Tag-Archive for ◊ dovetail markers ◊

Author:
• Thursday, April 30th, 2020
making a dovetail marker

The process I used to construct these markers ensured their accuracy.

I used bubinga but many dense, fine-grained hardwoods such as hard maple would do fine. Start with a 1 3/8″-thick, flat board without internal stresses, at least 12″ long and 5″ wide for safety, with a straight, squared long grain edge.

Using appropriate safety precautions, make a 1″ x 1″ rabbet on the long grain edge. I used many shallow passes with a 1″ diameter straight bit on the router table, finishing with a light pass over the entirety of the inside surface.

On the table saw, rip away a 1 1/2″ strip containing the rabbet. 

For safety and accuracy, short pieces – the markers themselves – will be cut on the table saw from this long work piece.

Two principles guide the process. We want to work with the rabbet always facing the blade to eliminate even the minor tear out that can occur at the trailing edge of a cross cut. This keeps the inside edges of the marker crisp. This also keeps the work piece stable against the fence.  

We also do not want to reset the miter gauge in case there is even the slightest inconsistency from the right side to the left side settings.

So, prepare by making a wedge. Use the miter gauge to cross cut a squared edge on a piece of scrap or MDF. Then set the miter gauge at the desired dovetail angle and cut off a narrow wedge. Glue sandpaper to the angled edge, and to the straight edge if you don’t have sandpaper on your miter gauge fence. 

Use the wedge against the miter gauge fence, set at 90°, to cross cut the end of the work piece held against the wedge. This creates one side of the marker (as in the photo at top). Then, flip the wedge end for end, and cross cut to produce the finished marker about 1 1/4″ wide (as below).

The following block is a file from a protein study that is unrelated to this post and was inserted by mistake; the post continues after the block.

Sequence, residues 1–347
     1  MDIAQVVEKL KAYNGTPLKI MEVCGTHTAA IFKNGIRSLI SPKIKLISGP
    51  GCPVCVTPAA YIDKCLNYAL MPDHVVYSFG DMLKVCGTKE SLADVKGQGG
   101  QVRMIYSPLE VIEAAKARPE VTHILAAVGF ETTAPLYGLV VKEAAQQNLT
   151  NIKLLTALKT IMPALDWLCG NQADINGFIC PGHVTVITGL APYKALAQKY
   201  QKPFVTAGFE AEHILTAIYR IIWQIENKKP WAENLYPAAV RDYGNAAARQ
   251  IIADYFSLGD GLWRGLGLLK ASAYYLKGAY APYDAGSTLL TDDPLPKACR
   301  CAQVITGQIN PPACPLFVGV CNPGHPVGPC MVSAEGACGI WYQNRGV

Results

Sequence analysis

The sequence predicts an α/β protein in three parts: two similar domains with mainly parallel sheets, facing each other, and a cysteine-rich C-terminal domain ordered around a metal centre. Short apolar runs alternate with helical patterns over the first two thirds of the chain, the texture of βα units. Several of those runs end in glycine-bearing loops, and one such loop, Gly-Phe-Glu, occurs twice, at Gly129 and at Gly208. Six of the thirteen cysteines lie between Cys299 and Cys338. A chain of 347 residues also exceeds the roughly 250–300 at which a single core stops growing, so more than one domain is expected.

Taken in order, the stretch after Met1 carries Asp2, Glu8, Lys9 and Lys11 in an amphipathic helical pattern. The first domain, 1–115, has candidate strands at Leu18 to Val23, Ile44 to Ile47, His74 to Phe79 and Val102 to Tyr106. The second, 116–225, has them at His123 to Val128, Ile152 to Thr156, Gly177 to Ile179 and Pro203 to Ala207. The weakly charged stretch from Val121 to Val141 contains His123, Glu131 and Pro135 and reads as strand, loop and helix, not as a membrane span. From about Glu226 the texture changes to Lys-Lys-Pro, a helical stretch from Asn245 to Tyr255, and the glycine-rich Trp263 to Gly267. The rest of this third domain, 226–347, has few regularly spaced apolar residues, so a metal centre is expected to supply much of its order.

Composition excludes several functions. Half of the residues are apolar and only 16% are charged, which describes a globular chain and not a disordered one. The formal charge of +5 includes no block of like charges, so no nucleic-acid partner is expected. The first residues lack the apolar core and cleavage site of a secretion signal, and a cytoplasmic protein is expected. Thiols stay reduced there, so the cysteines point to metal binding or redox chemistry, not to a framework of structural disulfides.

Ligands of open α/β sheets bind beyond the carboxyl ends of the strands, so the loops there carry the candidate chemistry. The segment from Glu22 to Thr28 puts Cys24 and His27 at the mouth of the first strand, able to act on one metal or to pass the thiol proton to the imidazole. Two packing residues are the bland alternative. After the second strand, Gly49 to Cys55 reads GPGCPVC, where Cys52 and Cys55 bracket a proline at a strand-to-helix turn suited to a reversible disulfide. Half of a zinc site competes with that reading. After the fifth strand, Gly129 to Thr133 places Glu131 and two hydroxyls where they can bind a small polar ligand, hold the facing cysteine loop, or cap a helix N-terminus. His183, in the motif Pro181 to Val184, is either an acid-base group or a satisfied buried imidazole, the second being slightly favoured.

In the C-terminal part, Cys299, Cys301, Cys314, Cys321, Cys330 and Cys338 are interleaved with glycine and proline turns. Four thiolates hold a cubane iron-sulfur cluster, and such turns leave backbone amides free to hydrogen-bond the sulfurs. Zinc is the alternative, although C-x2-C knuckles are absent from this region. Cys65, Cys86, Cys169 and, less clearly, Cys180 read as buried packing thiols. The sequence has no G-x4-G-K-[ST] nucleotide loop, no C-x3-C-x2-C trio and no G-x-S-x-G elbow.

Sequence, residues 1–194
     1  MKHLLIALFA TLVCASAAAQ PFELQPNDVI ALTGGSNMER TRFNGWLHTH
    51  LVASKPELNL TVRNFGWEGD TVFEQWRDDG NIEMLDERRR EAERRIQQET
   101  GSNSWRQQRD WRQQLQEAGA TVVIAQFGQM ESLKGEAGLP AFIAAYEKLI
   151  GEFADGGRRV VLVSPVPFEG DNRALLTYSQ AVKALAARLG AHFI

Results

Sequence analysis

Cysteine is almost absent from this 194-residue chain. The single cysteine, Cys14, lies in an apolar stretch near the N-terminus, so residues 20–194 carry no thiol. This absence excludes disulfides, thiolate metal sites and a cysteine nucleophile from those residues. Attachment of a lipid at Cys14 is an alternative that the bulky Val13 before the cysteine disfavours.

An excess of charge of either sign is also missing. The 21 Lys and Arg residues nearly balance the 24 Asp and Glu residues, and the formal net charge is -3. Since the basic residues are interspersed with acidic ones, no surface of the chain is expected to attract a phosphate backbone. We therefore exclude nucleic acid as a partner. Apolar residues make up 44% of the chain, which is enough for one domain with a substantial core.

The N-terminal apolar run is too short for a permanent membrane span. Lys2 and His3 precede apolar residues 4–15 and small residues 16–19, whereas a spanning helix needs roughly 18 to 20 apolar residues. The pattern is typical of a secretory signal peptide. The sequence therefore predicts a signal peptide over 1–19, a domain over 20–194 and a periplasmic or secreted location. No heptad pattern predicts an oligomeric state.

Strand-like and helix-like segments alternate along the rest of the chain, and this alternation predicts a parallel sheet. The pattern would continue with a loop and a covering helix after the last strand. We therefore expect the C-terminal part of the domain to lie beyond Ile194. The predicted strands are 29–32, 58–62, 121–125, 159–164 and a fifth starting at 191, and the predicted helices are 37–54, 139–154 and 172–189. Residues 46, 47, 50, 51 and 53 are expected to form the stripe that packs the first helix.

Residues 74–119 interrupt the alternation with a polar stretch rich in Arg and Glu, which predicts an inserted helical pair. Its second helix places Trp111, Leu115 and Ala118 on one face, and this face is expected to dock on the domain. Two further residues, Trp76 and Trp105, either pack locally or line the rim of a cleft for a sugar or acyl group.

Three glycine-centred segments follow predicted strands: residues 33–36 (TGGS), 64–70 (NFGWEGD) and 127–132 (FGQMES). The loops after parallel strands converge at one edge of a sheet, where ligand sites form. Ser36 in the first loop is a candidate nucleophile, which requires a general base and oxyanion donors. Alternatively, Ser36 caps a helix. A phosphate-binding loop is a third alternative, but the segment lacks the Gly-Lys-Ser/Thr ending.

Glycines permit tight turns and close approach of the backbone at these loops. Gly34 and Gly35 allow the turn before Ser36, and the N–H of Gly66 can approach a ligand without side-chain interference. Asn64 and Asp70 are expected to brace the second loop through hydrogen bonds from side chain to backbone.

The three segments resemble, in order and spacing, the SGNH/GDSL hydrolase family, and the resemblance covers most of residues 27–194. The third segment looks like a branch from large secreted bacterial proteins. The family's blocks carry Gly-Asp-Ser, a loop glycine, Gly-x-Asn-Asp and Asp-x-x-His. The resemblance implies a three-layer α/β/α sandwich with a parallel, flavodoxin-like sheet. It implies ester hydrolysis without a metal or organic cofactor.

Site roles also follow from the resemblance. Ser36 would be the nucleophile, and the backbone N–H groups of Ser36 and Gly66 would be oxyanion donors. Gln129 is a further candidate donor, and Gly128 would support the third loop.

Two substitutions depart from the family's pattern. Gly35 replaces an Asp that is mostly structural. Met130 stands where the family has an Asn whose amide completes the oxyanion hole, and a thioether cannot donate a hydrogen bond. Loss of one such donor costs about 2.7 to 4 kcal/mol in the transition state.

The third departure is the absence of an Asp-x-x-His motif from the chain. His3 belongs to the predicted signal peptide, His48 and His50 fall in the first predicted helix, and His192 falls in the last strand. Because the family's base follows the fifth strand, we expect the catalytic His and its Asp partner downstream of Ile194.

making a dovetail marker

Check the marker with a square and bevel gauge. Both sides should be the same. Chamfer the non-working edges on the outside. Label it with the dovetail slope – I carved the numbers. The oil (non-film) finish has worked well over the years.

For reference: 5:1 = 11.3° 6:1 = 9.5° 7:1 = 8.1° 8:1 = 7.1°

Author:
• Thursday, April 30th, 2020
dovetail marker

Make dovetail layout easier and speedier with these shop-made markers. I have been using them in my shop for many years. 

Unlike most commercially produced markers, they allow you to pencil the entire length of the line on the end grain and face grain with one positioning. This produces an accurate alignment of those two lines, which in turn helps you saw accurately. They work for tails-first woodworkers as well as pins-first iconoclasts.

The outside dimensions are 1 1/2″ tall, 1 3/8″ deep, and about 1 1/4″ wide. There is 1″ of length on the inside of each arm of the marker, which will accommodate almost all dovetailing for most woodworkers. 

They are easy to make in a variety of dedicated dovetail slopes. No more setting a sliding bevel.

dovetail markers

You can also use them to square the pin layout on the end grain (that you transferred from the tails) down the side of the pin board with a pencil to help guide your saw. 

Note that there is no “relief” at the inside corner of this marker. All the working edges are crisp. A relief at the inside corner, though present in many, if not most, commercial markers, is unnecessary and misguided. Come on, who has “saw whiskers” on the pieces they are about to dovetail? The relief causes a break in the pencil line at the corner of the work piece, thereby disturbing an important visual link for guiding the saw.

The construction method makes these markers as accurate as anything you can buy. And, of course, the cost to make them is negligible. 

I detailed their construction in an article in Popular Woodworking magazine, November 2009, issue #179, but now I will present show the simple process here on the Heartwood blog in the next post.